Things men should know

For my stepson, on the imminent occasion of his moving out into the world:

Here are a few things that men told me when I was young (and which I ignored), beside a few that I had to learn on my own (several times, in most cases). No matter who you are, or what you choose to do with your life, these are a few things every regularly abled man should be able to do.

Feel free to ignore them and learn the hard way. That’s how most of us did it, after all…

  1. Play hurt. Don’t do this unless you have to (there are long-term costs involved), but be prepared to work, play or fight through pain when the need is great.
  2. Show true loyalty. This bears thinking about, as mindless loyalty is a great source of evil. If you can’t be loyal to your family, you must leave them. If you can’t be loyal to your employer, go find a different job. If you can’t be loyal to your countrymen, why live in their country?
  3. Dress like an adult. People have the right to take you no more seriously than you take yourself.
  4. Work like a coolie. You’re either that good, or you’re not. Someone else is probably better, faster, and more dedicated than you. Make sure that’s not “most everybody else.”
  5. Relax like a king. Earn it, then burn it. Men who push the rock uphill all day deserve to sit in the sun once in a while.
  6. Negotiate. You probably already figured out that you don’t just get your way because you want it that way. Now figure out how to persuade others that your way works best.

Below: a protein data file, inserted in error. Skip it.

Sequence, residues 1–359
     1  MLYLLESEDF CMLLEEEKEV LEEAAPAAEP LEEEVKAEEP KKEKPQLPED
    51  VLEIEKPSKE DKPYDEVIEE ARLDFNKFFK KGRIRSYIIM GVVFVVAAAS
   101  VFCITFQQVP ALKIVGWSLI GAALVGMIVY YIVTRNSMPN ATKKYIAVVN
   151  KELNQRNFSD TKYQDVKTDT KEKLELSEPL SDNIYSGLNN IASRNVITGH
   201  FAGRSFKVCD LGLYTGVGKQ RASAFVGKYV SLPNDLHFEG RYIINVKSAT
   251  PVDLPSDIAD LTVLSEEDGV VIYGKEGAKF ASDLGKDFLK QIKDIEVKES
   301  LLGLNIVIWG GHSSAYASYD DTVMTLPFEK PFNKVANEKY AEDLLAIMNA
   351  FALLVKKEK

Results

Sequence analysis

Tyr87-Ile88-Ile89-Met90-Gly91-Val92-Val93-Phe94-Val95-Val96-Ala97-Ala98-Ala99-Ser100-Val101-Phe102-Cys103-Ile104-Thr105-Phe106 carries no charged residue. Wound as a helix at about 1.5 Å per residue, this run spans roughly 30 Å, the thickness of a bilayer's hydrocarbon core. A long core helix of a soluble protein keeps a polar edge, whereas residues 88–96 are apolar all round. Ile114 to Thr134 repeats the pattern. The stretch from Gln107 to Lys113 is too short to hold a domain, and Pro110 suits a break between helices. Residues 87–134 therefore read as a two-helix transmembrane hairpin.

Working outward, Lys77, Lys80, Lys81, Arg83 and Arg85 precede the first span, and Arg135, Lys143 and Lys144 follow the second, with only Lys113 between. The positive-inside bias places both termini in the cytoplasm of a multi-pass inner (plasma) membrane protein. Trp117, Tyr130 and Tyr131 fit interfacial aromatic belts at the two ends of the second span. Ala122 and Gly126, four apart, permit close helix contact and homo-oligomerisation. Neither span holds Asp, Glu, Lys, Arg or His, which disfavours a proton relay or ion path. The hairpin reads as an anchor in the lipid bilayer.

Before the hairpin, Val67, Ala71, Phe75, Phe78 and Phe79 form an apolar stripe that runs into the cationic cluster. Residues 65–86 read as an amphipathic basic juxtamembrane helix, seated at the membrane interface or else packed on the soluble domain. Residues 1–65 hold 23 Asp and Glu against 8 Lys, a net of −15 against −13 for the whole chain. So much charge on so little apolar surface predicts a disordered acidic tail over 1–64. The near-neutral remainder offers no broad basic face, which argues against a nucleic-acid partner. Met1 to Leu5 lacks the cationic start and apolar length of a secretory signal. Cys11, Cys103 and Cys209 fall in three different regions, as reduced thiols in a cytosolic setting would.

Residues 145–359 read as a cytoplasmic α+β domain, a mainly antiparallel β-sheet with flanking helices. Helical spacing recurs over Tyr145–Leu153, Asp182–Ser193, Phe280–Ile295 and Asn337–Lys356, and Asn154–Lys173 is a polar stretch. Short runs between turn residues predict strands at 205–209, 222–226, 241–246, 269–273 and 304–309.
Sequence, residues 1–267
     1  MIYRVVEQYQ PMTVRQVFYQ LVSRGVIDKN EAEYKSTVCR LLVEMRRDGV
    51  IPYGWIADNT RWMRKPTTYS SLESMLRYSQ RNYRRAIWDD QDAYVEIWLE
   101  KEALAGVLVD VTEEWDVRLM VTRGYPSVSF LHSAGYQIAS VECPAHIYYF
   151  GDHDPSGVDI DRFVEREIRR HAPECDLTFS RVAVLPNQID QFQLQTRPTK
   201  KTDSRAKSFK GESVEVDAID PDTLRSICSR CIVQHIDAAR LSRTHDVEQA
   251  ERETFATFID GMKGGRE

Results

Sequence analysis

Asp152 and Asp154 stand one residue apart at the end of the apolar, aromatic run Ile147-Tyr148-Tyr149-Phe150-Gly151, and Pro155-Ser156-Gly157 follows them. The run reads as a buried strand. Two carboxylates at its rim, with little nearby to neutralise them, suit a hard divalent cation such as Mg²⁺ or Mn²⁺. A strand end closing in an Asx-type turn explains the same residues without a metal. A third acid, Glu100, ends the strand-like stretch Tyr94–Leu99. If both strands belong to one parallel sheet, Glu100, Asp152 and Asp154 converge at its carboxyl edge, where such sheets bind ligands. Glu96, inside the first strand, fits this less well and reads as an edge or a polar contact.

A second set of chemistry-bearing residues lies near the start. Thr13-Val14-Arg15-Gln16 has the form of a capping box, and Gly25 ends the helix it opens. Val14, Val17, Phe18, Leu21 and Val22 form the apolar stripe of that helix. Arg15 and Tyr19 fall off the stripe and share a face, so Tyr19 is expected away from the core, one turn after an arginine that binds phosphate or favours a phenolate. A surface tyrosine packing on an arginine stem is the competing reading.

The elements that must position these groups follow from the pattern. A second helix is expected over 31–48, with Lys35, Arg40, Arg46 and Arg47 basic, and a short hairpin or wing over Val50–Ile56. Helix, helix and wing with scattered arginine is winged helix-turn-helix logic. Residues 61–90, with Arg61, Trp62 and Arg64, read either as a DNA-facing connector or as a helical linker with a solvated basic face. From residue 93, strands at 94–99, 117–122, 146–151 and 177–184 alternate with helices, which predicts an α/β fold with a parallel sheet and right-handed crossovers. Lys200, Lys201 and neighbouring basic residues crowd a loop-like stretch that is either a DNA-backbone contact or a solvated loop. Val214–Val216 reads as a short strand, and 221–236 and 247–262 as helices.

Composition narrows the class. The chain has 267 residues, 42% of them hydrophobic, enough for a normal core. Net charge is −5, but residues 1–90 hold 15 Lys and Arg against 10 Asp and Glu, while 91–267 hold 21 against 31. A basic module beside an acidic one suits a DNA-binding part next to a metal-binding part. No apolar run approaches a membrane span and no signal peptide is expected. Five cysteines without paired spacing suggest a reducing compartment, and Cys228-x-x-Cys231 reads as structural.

7. Eat what you kill. You’re going to cause pain in this world, a bit of hate and discontent. We all do. You need to own that, and learn from it, in order to grow.
  8. Take up arms in defense of your country. When required.
  9. Take up tools in maintenance of your home. Whether it’s a bicycle, a car, or a dripping faucet, you own it best when you can keep it running. Put your hands on it, and make it yours.
  10. Drive well. There is freedom in knowing you can get somewhere, safely and effectively and swiftly and well. Whether it’s boots, cars, or aircraft, grow wings and master your travel.
  11. Patch up a crying kid, a whimpering animal, or a mangled stranger. You don’t know when you’ll need to do this, but you will. Best prepare now.
  12. Don’t whine. Ever. When you’re facing unbeatable odds, you do yourself greater credit to do so unflinchingly – and if you’re just getting through the day, you lose respect by complaining. Everyone else has to deal with that stuff, too.
  13. Set the example. Not whining actually makes a great start to this. Most people spend a lot more time bitching than doing. Those who keep plugging along while everybody else makes excuses deserve to win.
  14. Let it go. You can’t save them all. Sometimes you can change your circumstances. Sometimes you must change the world. Sometimes you just have to deal, because some things you can’t get back. Resignation is more useful than bitterness, but a complete acceptance trumps them both. This one is hard.
  15. Keep your sense of humor. A good soldier does what he’s told, accurately and completely. A real soldier can talk about the time he was so scared he nearly pissed himself – and make the whole room laugh until they piss themselves.
  16. Love someone all the way up. This takes more courage than you can possibly imagine, until suddenly you’re sure that you could never be stopped from it. This one will kick your ass harder than anything else on this list, guaranteed. Still worth it. This is more than being a man; it’s being a human.
  17. Man up. Because you can, man. I have faith in you.



  1. Jack, you left out the one piece of advice it took me a long time to learn. Only worry about the things you can control. Worrying about the others is a serious waste of time.